The World Health Organisation (WHO) recommends exclusive breastfeeding for the first 6 months. Consult your doctor for advice on when to introduce complementary foods to your baby. Breastfeeding should continue for as long as possible after introduction of complementary foods.
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You always hear of the importance of taking care of your bones and keep them healthy and strong, especially as a woman, in order to prevent osteoporosis after menopause.
Here are a few avoidable habits that can affect the wellness of your bone health, as listed below:
Inadequate intake of calcium
Calcium should be adequately consumed in your diet to keep your bones healthy and maintain normal blood calcium levels. When there is insufficient calcium in your body, the hypothyroid gland increases its secretion in order to maintain the right levels in the blood, and in doing so, removes calcium from your bones. This also happens during pregnancy and breastfeeding, which is why more calcium is required during these times.
The best sources for calcium
Milk and dairy products are the richest sources and have the highest absorption of calcium in your body. Other good sources are sardines, almonds and spinach which have a lower absorption of calcium as compared to dairy products.
Diets which are generally low in Bone-building vitamins and minerals Minerals such as phosphorous, considered one of the important minerals in building bones and teeth is one such example. Vitamins A and K also play a role in building proteins that bind with calcium and phosphorous in order to synthesise bones. Phosphorous is found in the same foods that are rich in calcium. Vitamin A is found in yellow-orange fruits and vegetables such as carrots and apricots, while the richest sources of vitamin K are green, leafy vegetables.
Good to know:
Fad diets? Fewer nutrients!
Fad diets typically contain fewer calories. This in turn means less calcium and other essential nutrients needed for healthy bones!
Low sun exposure
The sun is one of main sources of vitamin D in addition to cod liver oil and vitamin D-fortified milk. Vitamin D increases calcium and phosphorous absorption, enhances their uptake by the bones, and keeps their levels stable in the blood. A continued shortage of vitamin D can lead to osteoporosis in the future.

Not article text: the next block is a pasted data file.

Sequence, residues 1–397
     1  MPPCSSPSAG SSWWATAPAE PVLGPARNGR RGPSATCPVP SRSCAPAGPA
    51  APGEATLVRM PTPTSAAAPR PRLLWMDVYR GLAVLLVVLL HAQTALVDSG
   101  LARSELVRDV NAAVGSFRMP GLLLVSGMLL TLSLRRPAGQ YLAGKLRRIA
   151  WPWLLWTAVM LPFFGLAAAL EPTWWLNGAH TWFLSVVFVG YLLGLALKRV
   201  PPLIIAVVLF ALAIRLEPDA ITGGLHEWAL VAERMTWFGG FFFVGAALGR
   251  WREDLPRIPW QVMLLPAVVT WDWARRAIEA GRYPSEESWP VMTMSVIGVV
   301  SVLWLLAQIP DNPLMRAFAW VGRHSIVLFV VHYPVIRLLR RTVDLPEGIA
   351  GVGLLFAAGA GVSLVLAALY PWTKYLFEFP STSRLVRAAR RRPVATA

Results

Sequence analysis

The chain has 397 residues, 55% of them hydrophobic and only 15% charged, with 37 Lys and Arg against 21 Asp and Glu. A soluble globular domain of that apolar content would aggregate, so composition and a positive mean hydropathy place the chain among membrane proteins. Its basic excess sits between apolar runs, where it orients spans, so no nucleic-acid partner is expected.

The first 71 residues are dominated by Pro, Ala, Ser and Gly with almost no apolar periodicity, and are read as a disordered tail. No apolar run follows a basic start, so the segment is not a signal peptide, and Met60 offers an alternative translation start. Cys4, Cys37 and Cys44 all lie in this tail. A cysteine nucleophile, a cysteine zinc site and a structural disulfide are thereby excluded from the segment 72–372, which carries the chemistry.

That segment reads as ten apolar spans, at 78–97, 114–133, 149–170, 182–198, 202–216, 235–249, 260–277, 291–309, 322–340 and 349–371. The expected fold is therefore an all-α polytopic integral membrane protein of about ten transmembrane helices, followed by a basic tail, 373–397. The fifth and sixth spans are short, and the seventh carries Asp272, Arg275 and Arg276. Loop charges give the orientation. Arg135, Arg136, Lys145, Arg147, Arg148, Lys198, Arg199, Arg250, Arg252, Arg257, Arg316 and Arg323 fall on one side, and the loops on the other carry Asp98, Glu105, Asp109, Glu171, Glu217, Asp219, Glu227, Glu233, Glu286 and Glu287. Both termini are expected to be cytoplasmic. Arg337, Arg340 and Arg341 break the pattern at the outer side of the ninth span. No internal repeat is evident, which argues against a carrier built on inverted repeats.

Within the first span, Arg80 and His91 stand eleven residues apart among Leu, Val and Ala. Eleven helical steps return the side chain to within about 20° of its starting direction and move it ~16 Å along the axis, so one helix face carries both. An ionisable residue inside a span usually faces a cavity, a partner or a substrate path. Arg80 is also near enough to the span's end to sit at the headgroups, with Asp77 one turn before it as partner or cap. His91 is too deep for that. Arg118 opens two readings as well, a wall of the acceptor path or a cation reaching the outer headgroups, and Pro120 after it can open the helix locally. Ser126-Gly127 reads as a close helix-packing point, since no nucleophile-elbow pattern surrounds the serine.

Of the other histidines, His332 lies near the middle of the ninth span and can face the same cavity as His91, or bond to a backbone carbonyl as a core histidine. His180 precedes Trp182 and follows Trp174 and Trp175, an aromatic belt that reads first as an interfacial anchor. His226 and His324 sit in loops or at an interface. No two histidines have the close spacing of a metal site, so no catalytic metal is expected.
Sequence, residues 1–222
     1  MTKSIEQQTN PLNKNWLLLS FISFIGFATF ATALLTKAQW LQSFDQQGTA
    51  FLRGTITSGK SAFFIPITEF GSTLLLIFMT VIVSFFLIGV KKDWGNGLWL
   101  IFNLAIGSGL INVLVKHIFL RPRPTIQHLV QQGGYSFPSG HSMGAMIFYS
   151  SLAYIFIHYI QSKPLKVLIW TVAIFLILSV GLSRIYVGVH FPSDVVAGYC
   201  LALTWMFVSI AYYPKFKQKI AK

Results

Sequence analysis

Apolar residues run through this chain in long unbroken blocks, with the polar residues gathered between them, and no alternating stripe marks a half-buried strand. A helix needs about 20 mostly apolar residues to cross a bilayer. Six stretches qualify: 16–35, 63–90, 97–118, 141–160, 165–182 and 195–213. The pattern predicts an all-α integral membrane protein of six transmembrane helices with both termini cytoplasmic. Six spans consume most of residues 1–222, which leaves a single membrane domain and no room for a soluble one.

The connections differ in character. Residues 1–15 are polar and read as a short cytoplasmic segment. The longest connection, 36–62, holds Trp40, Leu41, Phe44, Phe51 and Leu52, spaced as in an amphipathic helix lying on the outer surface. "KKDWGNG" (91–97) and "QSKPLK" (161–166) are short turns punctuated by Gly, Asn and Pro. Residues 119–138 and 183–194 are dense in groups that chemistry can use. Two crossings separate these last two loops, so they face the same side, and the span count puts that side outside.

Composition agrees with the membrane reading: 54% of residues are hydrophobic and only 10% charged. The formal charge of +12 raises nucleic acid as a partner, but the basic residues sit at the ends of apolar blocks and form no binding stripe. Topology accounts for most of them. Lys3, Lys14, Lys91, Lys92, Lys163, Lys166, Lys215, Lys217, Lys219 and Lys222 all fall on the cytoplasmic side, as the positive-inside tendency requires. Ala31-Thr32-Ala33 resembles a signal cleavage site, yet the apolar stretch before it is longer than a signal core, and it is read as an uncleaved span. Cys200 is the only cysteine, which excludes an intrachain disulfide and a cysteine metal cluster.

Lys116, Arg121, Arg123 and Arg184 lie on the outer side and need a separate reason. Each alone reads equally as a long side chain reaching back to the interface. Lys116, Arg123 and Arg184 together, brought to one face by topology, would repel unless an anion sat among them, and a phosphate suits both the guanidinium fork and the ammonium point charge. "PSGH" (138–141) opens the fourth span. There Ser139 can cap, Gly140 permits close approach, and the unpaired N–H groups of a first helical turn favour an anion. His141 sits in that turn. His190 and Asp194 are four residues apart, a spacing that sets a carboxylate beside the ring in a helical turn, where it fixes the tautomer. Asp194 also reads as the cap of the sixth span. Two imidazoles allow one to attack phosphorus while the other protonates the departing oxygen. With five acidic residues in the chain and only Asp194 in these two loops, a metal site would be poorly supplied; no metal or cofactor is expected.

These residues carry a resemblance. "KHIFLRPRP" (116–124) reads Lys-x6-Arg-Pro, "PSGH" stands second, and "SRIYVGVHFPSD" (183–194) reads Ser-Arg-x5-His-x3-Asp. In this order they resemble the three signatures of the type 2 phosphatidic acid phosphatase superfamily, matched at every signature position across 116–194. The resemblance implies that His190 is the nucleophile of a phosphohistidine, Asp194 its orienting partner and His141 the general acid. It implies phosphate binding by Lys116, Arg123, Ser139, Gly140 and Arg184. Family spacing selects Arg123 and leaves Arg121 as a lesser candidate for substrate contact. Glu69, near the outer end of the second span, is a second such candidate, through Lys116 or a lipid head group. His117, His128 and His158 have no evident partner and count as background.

Lack of exercise and activity
Exercise increases calcium and phosphorous mineralization in bones, which in turn reduces the risk of developing weak bones.
Smoking decreases bone mass, leads to osteoporosis and increases the risk of bone breakage.
Drinking carbonated beverages
A popular controversy focused on the content of phosphoric acid in carbonated beverages and its effect on bone health. However, recent studies have shown that with adequate calcium in a diet the net effect of phosphoric acid on bones is negligible. The negative effect of drinking carbonate beverages and bone density is because they replace other healthier beverages like milk and fresh fruit juices.
Excessive salt in food
Sodium and calcium are excreted together from the body through the kidneys, so the more salt you add, the more it increases calcium loss.
Good to know
Research shows that incorporating healthy lifestyle habits, exercising regularly and exposure to the sun leads to healthy bones and a reduced risk of developing osteoporosis. To maintain your bone health, it is important to take the above precautions into consideration: following a diet rich in vitamins and minerals especially calcium, getting enough exposure to the sun (at least 20 minutes three times per week), exercising regularly, stopping smoking, avoiding carbonated beverages and reducing salt in your diet.
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